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Abstract

The first export credit agency, the Export Credits Guarantee Department (ECGD) of the United Kingdom, was established in 1919. Its original purpose was to encourage and support exports (initially to Russia) that would not otherwise have taken place. Similar motivations led to the establishment of the Export-Import Bank of the United States (the U.S. Eximbank) in 1933. There was little further activity on the export credit front in the 1920s and 1930s, but many such agencies were founded after World War II. As it appears in hindsight, the chain of reasoning for governments becoming involved in this area probably went along the following lines:

Abstract

The export credit world has been changing for as long as most people who work in it can remember. However, the changes that have taken place in recent years have seemed more rapid, more frequent, and more significant than before. Some of the principal changes, especially those that relate to the role and position of governments, have been mentioned in previous chapters. This chapter reviews these changes in more detail, first in relation to the short-term business of export credit agencies, and second in relation to their medium- and long-term business, since rather different considerations apply in the two areas.

Abstract

One of the most common—and most difficult—problems that export credit agencies face is what to do about small exporters. And one of the most common complaints of these agencies is that they alone, unlike their private sector counterparts or even their opposite numbers in some other countries, face the political and other pressures to produce special facilities for this category of exporter.

Abstract

Even if only some of the points raised in the previous chapters are valid, and if only some of the changes described there come to pass, export credit agencies may well be at a watershed. This is especially true of the way in which their political risk business is done.

International Monetary Fund. External Relations Dept.

This paper discusses the project financed by the World Bank for controlling the flow of the Chao Phya River in Thailand. Chao Phya is the lifestream of the Thai people. However, this river, and its principal tributaries are, in their natural state, capricious rivers. In the early 1950s, the World Bank began assisting the Thai government in a series of projects designed to break this ancient tyranny of the rivers’ violent changes. The paper describes how the river is being tamed for irrigation and navigation, and how they are providing electric power and other benefits.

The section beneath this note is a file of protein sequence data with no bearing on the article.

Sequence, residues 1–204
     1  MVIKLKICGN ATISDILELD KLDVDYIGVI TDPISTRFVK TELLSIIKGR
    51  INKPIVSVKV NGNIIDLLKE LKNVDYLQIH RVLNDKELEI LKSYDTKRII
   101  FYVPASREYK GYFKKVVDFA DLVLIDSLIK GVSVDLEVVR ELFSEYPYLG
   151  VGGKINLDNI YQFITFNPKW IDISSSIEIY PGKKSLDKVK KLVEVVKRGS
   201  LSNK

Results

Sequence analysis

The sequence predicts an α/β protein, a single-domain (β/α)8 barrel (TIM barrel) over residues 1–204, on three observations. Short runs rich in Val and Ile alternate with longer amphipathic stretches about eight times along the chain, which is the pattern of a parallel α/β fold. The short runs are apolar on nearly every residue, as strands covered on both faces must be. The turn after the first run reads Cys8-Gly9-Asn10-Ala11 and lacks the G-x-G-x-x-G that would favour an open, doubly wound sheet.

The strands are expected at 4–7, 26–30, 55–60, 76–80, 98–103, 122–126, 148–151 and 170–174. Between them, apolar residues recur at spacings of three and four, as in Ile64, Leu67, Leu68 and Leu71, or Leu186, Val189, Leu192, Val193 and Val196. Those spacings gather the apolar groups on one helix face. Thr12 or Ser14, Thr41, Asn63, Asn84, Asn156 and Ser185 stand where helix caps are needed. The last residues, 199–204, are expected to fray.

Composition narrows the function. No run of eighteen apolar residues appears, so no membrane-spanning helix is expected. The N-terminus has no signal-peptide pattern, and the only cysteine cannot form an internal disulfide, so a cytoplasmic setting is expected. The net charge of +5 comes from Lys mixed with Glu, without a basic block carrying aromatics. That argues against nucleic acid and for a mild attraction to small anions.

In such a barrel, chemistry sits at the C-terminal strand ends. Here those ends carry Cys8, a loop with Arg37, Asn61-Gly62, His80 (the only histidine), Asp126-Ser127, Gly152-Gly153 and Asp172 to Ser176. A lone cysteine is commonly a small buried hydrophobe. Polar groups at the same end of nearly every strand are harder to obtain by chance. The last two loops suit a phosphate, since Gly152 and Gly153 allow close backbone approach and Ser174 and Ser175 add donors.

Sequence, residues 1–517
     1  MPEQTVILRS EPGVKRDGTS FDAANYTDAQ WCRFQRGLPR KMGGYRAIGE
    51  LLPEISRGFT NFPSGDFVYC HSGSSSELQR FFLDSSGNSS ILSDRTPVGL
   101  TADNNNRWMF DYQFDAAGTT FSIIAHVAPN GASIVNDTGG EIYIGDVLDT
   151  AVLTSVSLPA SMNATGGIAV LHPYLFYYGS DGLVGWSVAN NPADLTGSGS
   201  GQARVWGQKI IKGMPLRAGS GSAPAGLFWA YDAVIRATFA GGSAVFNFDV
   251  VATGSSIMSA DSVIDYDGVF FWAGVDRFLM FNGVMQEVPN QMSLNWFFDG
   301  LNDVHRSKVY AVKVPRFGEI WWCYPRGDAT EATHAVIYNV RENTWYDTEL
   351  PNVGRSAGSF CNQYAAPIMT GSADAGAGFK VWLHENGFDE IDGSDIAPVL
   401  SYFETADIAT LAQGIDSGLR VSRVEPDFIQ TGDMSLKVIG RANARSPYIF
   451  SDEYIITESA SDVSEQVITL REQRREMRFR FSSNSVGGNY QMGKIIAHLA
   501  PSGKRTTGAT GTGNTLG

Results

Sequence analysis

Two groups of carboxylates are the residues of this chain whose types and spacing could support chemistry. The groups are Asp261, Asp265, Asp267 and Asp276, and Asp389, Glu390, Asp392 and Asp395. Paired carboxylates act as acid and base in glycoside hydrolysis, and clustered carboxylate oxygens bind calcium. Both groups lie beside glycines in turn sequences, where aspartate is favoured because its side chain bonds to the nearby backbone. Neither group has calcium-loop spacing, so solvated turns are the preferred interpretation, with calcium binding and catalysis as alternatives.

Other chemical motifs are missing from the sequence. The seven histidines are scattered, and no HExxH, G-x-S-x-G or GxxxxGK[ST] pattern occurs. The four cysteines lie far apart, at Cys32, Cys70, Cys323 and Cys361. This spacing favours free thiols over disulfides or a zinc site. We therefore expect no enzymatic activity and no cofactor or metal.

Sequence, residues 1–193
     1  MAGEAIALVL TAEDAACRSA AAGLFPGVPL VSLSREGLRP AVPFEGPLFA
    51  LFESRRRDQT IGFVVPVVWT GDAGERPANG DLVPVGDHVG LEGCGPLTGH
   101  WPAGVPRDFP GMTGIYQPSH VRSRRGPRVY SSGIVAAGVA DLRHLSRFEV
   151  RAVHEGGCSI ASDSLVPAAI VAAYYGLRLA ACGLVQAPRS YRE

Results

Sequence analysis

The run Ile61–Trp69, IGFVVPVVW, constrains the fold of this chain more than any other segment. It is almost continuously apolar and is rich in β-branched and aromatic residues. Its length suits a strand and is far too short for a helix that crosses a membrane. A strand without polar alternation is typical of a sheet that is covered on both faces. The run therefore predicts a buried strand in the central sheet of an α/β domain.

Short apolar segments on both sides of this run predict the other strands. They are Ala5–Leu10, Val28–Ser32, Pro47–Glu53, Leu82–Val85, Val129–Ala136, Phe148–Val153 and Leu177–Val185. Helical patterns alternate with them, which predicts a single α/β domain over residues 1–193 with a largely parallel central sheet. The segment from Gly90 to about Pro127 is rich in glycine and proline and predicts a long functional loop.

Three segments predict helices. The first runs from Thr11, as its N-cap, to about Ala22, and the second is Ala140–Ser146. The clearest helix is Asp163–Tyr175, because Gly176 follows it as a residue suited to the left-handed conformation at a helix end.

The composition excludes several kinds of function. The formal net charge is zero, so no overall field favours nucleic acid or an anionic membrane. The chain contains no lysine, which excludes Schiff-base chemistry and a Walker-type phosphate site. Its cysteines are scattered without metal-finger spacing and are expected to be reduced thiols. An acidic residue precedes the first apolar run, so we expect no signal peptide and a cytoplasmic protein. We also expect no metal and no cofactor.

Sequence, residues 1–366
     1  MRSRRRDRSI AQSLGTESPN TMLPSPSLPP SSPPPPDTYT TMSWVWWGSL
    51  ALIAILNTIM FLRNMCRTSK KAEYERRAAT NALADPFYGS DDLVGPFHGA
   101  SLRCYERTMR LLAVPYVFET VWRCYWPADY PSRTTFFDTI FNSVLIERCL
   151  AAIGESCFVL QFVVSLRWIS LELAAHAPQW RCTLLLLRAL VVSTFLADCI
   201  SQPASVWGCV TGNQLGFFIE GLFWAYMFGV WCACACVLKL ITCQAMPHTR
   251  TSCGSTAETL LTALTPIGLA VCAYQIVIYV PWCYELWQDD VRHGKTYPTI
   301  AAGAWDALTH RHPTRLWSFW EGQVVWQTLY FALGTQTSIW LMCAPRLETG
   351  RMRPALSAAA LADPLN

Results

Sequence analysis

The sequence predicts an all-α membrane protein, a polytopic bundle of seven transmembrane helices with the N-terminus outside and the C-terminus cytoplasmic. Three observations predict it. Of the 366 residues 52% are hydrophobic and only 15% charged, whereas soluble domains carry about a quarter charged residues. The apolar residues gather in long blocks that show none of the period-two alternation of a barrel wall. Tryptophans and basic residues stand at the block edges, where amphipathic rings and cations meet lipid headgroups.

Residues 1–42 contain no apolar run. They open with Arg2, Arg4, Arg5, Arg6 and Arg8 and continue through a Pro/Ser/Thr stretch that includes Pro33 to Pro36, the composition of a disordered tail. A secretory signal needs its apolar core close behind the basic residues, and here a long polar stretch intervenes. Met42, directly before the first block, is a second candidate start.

Abstract

Export credit agencies play an important role in international trade and investment flows. Exports insured or financed by the approximately 50 export credit agencies that are members of the Berne Union account for about 10 percent of their countries exports, which, in turn, represent about 78 percent of world exports. The IMF estimates that in 1997 debts to Berne Union members accounted for more than 21 percent of the total indebtedness of developing countries and economies in transition. Edited by Malcolm Stephens, this book provides useful background information to those whose involvement in international trade and investment brings them into contact with the services of export credit agencies.

International Monetary Fund. External Relations Dept.
This paper highlights the sources of payments problems in less developed countries. Growth in the industrial countries has a direct impact on the current account of the developing countries through its influence on both the prices and volumes of their exports. An increase in the real effective exchange rate is clearly a fundamental determinant of a deteriorating current account since, other things being equal, it tends to raise domestic demand for imports and to reduce foreign demand for exports.
Mr. Joseph Gold

Abstract

Written by Joseph Gold, former General Counsel and now Senior Consultant at the IMF, these volumes contain discussions of the ever-increasing body of cases in which the Articles have had bearing on issues before the courts.

Mr. Joseph Gold

Abstract

Written by Joseph Gold, former General Counsel and now Senior Consultant at the IMF, these volumes contain discussions of the ever-increasing body of cases in which the Articles have had a bearing on issues before the courts.